Tax receipts up, but senators still cautious on tax cuts, spending

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February 9, 2012 - 6:00pm

As key decisions loom affecting Nebraskans taxes and state spending, a new report says the state is taking in more money than expected.

The new report is by the Nebraska Department of Revenue. It says that in January, net tax receipts were nearly $26 million more than had been officially projected last April. That April forecast was raised in October, but even compared to that, tax receipts were nearly $21 million above projections.

Tax Commissioner Doug Ewald sees a longer-term improvement in revenues over the fiscal year that started July 1. "When you look at the first seven months of the current fiscal year, compared to the first seven months of the prior fiscal year, we are roughly seven and a half percent ahead when you look at the actual tax receipts," Ewald said.

The report could affect the Legislature's decisions on taxes and spending. It's the last one on monthly receipts before the Economic Forecasting Advisory Board meets on Feb. 24 to consider changing its official projections. Those projections, in turn, are used by the Legislature to make its budgetary decisions.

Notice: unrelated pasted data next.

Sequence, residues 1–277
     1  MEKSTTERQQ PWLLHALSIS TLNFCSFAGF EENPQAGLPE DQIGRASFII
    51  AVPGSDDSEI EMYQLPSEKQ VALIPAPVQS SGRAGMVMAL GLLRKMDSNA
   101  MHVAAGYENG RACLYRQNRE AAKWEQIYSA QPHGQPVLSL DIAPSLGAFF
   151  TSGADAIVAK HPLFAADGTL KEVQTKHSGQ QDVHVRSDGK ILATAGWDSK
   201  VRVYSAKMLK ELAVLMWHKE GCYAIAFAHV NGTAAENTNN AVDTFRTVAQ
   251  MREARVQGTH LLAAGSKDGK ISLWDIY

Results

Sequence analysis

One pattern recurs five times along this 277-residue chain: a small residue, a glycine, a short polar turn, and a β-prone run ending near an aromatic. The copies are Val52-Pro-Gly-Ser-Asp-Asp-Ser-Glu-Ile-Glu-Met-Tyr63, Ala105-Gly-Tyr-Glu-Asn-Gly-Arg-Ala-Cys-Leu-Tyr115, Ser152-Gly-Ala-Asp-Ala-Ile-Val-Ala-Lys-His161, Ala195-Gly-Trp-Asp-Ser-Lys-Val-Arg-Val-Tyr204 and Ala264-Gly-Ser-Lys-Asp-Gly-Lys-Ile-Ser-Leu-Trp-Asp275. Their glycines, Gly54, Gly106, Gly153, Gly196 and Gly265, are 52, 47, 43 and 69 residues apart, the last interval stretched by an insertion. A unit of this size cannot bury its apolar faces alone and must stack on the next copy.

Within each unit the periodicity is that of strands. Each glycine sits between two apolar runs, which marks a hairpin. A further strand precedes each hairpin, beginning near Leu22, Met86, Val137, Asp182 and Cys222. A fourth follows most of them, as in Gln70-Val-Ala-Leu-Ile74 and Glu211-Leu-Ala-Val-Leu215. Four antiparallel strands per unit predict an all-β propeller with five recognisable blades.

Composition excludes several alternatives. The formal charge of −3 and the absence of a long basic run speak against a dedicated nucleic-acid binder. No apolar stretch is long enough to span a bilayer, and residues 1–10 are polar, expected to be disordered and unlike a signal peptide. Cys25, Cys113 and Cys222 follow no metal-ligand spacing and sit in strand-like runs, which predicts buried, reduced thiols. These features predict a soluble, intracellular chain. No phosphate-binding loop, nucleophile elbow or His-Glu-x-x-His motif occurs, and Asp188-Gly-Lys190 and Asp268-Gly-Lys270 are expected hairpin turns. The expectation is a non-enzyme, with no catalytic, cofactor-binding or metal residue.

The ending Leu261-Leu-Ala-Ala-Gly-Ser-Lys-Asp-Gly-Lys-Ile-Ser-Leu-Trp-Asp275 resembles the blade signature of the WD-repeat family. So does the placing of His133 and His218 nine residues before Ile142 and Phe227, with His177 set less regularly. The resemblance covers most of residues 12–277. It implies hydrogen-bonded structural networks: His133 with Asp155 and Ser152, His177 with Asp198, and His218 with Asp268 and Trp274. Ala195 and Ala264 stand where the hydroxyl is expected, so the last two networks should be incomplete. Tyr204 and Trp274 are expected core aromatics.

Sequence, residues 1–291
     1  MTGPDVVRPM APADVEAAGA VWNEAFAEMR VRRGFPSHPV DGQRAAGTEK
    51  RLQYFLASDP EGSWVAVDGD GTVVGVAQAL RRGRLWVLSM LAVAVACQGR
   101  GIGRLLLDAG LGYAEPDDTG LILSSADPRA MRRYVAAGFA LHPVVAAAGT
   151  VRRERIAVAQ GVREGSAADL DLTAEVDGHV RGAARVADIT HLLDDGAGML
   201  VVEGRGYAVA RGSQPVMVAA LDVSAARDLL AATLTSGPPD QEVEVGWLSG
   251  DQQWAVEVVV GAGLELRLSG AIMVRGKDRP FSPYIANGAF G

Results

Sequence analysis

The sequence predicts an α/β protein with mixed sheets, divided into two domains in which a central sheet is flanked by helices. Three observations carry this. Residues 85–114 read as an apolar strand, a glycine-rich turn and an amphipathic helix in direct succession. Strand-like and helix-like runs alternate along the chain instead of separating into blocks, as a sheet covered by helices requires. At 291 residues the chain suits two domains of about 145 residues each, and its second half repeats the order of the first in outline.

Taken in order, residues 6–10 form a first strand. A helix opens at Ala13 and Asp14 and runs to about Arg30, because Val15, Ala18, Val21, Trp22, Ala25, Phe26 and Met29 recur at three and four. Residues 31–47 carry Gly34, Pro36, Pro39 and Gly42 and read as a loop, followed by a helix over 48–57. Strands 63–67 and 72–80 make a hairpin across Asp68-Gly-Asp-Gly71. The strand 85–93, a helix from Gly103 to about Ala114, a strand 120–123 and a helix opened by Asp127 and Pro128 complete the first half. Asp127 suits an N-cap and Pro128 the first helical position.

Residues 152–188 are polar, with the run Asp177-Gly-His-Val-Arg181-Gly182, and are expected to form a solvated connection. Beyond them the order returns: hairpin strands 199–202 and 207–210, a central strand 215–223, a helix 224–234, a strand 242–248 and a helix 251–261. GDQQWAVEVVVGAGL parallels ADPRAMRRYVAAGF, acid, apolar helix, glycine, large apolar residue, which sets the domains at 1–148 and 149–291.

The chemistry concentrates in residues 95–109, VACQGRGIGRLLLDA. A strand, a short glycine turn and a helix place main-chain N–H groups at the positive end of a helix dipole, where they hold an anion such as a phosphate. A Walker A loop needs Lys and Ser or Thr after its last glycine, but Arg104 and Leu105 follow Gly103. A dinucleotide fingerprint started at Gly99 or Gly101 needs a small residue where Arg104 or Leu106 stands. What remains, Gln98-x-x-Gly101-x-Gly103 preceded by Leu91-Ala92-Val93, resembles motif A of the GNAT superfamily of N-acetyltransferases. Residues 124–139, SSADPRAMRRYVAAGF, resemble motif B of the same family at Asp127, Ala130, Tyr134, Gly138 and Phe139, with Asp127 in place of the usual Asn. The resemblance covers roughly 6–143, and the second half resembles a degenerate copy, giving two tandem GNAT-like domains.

Sen. Lavon Heidemann, chairman of the budget-writing Appropriations Committee, said he'd rather see a few more months to establish a trend of higher revenues, adding that the report doesn't change his inclination not to add ongoing spending to the budget. "It's not enough to get excited enough to think you're going to do anything but something very minor. You're talking not even a Percent," Heidemann said.

In other words, even though revenues may be up seven and a half percent from last year, most of that was already anticipated in the forecast, and the "new" money beyond that is minimal.

Still, it's good news, said Sen. Jeremy Nordquist, another member of the Appropriations Committee. And while he's hesitant to suggest significant spending increases or tax cuts, Nordquist said if the report translates into increased revenue forecasts, there could be a little more room in the budget. "It gives us the flexibility make a few more key investments, make sure we can hold off on Medicaid cuts. Maybe we can do a little more for K-12 education. And it maybe gives us a little wiggle room to look at some targeted tax relief either in the form of targeted tax credits and relief to attract certain businesses to our state or maybe a small package to begin to phase out (state) Social Security tax," Nordquist said.




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